Director Marc Webb (500 Days Of Summer) and his team of screenwriters attempt to hold our attention during that perfunctory period with new tidbits about the Parker parents.  But what really keeps us enthralled is Andrew Garfield.  With his case of perpetual bed-head, his skinny jeans and skateboard, and his constant air of guarded insecurity, Garfield’s embodiment is a new kind of geek, an offbeat urban hipster with a lost puppy allure and a too-cool swagger.  The English actor’s profound performance educes everything we’d expect from a modern Peter Parker: He’s reckless and lonesome, bedraggled and bruised, but still good looking in an Indie Rock kind of way.  When he stumbles home at midnight after receiving his radioactive infection, the psychoactive effects make him giggle and binge eat like a first-time weed smoker.  He may not have done anything illicit, but his warped case of the munchies may evoke a few memories for the seasoned parents in the audience. 
Uncle Ben (Martin Sheen) and Aunt May (Sally Field) look on helplessly.  What are they going to do with this kid?  Compared to Garfield’s isolated adolescent good-for-nothing, Toby McGuire was a Boy Scout.  Nothing in The Amazing Spider-Man is as welcome as this Peter Parker makeover.  Except maybe for the addition of Emma Stone as Parker’s first teenage crush, Gwen Stacy, an A-student in a series of mini-skirts, knee socks, and ponytails.  With notebooks constantly pressed against her chest, Gwen is the daddy’s girl to Parker’s rotten apple, the Natalie Wood to his James Dean.  And their chemistry scintillates.  Her father, police Captain George Stacy (Denis Leary), doesn’t particularly approve.  But what father would?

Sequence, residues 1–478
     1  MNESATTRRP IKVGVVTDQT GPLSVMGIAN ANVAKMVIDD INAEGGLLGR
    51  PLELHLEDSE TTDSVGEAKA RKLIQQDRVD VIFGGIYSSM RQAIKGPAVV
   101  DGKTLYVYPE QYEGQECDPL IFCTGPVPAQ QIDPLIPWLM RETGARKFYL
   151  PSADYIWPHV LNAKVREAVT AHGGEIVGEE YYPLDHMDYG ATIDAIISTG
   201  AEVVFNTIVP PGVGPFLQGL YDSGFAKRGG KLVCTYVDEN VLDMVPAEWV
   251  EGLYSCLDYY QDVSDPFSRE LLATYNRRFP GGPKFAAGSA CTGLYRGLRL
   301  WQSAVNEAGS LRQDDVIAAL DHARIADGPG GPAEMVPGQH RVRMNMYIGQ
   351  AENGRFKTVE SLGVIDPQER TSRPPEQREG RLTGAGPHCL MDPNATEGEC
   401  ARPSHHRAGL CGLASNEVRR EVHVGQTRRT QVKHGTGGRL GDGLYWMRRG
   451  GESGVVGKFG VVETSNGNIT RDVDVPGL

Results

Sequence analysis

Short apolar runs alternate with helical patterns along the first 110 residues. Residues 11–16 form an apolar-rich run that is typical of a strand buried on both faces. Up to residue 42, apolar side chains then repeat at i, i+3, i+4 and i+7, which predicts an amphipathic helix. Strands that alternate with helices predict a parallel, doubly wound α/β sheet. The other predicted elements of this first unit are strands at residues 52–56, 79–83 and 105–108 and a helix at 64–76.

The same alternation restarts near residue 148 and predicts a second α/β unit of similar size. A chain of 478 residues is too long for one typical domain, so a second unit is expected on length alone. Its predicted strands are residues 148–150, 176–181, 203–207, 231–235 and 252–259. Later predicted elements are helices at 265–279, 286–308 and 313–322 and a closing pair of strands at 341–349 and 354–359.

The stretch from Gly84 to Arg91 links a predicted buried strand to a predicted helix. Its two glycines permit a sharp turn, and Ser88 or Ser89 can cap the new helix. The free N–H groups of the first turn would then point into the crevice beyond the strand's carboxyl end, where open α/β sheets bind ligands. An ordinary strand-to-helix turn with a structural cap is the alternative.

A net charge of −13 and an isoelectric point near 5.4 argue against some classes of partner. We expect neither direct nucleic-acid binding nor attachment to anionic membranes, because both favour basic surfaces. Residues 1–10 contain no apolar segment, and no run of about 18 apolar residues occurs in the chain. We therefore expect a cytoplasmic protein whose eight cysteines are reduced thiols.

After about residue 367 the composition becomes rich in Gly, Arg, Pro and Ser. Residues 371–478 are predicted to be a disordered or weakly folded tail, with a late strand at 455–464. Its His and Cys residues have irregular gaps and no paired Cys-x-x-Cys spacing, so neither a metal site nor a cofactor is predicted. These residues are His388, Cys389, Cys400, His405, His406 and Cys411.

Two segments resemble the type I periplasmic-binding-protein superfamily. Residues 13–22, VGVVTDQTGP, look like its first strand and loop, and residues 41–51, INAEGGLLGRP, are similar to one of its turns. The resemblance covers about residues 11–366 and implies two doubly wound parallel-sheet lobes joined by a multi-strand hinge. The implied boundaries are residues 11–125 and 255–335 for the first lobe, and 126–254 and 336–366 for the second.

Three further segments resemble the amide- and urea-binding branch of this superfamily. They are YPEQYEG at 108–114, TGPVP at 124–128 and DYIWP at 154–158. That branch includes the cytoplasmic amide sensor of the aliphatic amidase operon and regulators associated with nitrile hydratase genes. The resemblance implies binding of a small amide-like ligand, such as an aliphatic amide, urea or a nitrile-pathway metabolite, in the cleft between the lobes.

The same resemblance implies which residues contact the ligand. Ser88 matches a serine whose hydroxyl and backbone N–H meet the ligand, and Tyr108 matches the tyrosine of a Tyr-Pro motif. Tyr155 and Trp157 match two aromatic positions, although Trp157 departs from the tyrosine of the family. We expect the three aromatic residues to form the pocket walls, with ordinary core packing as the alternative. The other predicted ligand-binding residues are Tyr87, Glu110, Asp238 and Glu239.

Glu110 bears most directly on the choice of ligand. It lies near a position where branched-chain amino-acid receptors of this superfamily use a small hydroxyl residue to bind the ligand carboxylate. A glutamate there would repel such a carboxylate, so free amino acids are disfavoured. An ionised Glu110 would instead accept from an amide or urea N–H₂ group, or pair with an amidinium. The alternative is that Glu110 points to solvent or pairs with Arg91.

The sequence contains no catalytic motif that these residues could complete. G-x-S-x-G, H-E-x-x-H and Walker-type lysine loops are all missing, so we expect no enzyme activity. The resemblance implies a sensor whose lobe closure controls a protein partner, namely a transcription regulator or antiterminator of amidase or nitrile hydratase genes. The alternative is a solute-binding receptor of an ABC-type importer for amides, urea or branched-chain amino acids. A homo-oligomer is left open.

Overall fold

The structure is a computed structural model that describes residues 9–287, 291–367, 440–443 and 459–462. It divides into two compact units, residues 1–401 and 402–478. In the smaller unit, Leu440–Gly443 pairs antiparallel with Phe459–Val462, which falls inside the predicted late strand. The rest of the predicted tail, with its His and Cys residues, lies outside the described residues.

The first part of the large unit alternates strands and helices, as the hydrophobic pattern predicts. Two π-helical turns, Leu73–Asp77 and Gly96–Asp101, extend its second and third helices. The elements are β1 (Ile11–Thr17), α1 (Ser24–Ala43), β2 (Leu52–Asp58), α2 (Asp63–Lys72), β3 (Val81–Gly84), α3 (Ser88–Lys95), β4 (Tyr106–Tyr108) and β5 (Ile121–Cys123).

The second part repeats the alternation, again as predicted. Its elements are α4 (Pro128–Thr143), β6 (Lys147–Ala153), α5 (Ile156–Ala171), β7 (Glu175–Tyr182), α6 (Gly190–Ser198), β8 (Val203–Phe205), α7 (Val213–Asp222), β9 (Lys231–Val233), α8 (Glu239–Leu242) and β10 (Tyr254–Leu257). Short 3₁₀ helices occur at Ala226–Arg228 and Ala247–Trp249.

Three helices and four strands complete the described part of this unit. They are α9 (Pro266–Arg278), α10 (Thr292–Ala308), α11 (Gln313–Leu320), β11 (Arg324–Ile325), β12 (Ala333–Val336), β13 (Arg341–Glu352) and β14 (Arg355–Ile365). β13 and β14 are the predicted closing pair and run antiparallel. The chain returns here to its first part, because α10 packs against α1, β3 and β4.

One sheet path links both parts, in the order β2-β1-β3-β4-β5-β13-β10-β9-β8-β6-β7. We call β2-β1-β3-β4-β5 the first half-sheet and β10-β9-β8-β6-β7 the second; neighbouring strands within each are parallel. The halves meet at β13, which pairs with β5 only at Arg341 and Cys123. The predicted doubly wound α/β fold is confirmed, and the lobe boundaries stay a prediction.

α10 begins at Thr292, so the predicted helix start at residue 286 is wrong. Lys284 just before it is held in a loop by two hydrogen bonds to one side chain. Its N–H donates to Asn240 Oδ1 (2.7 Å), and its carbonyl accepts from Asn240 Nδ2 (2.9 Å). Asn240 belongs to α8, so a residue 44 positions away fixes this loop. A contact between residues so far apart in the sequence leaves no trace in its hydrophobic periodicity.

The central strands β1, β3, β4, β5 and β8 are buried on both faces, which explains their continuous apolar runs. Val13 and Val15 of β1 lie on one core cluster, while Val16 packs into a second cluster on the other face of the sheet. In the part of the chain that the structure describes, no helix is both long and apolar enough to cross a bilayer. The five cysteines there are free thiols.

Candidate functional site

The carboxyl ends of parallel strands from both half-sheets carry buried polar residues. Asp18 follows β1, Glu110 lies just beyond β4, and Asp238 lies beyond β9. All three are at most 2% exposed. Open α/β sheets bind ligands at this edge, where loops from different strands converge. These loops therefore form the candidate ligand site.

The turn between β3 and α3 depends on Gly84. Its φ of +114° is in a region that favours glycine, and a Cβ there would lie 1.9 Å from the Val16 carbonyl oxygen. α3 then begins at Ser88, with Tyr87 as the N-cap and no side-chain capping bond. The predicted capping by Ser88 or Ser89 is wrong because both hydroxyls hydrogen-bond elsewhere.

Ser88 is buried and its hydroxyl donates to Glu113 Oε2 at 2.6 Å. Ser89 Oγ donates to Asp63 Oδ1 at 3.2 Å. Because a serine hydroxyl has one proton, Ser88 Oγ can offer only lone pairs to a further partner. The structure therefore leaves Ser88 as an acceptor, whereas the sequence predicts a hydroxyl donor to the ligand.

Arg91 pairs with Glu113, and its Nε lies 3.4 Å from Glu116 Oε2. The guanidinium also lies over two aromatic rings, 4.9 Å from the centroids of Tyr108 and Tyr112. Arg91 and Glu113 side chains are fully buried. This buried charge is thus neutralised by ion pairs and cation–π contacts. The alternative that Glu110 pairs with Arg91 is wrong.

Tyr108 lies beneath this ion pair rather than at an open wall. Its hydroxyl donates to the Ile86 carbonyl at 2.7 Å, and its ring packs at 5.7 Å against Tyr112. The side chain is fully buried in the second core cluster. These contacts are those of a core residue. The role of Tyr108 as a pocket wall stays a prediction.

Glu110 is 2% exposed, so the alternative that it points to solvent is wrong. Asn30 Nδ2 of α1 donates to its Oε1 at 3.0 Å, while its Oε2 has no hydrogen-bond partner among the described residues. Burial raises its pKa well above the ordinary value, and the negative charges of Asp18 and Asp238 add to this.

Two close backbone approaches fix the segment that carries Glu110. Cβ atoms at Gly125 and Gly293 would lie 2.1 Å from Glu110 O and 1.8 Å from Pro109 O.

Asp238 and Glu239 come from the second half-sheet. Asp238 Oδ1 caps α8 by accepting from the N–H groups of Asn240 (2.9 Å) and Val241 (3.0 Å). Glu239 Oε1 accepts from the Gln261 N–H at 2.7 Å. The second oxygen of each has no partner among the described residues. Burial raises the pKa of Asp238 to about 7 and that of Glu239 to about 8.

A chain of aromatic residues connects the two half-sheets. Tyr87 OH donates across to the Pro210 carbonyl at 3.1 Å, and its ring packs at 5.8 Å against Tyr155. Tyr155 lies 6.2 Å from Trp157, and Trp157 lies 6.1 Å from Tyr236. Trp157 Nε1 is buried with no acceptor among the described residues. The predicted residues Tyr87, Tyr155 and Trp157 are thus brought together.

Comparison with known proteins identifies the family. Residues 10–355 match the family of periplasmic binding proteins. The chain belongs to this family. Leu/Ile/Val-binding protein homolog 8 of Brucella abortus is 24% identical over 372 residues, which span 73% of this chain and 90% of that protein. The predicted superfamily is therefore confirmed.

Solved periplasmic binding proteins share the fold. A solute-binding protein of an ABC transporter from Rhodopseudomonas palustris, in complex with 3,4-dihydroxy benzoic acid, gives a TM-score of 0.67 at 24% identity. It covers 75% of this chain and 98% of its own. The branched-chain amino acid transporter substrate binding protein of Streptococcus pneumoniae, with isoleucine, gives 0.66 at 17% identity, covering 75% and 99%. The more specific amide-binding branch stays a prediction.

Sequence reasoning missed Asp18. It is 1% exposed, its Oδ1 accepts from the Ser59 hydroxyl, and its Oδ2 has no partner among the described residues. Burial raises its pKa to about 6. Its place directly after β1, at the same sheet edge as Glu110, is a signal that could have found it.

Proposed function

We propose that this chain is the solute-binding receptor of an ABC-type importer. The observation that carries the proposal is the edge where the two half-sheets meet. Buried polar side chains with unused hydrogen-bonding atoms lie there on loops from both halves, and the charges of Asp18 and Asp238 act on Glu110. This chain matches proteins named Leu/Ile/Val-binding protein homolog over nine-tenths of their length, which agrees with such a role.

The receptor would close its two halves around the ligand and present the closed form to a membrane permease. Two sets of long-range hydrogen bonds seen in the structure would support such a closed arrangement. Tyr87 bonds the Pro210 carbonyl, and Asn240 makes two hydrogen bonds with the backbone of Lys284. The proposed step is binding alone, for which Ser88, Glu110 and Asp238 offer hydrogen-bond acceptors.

If superhero puppy love isn’t your thing, rest assured.  The Amazing Spider-Man’s got action, too.  Just like in its predecessors, this movie has our wall-crawling vigilante taking down another mad-scientist whose experiment went awry.  This time it’s Dr. Curt Connors (Rhys Ifans), a genius geneticist and amputee testing reptilian limb regeneration on humans.  To make a long story short, he crossbreeds with a lizard, becomes a walking abomination, and takes refuge in the Manhattan sewer system (alligators in the sewers, anybody?).  When he decides to infect the whole population with his gnarly deformity, Spidey swings in to save the day.  The Lizard, as he’s called in the comic books, comes to life with CGI as a pint-sized Godzilla, and he’s a passable nemesis at best, not especially imaginative or complex. 

Is it too soon to bring back Doctor Octopus?  It was probably too soon for an entire new Spider-Man origin story in the first place.  This movie certainly doesn’t convince otherwise, and it offers a number of narrative threads that lead nowhere.  One might call it a remorseless commercial reboot, and it leaves so many things unresolved that it has the feel of a TV pilot.  While not exemplary as a structured and satisfying drama, The Amazing Spider-Man does have its rewards: namely, its two star lovebirds.  Even if the superhero’s latest adventure feels a bit premature, the unveiling of Garfield and Stone, whose stars burn brighter with every fresh frame, couldn’t possibly have come sooner.

Monday, July 16, 2012



Seth McFarlane’s live-action feature film debut, Ted, has at least one good thing going for it: It’s better than Family Guy.  I’ve never understood the wild popularity of that stale and exhausted Simpsons knock-off.  Although, its ubiquitous animator and creator, who at one point had three programs running back-to-back on Fox’s Sunday Night Animation Domination (Family Guy, American Dad, and The Cleveland Show), is pretty well-suited for a single, solitary time slot.  He’s really a one-idea kind of artist.  Family Guy was never consistently clever enough to maintain its required airtime.  That’s not to say that Stewey, the brilliant Bond Villain baby, and Brian, the dog who’s ten times smarter than his owner, weren’t good ideas in the first place.  They were great ideas.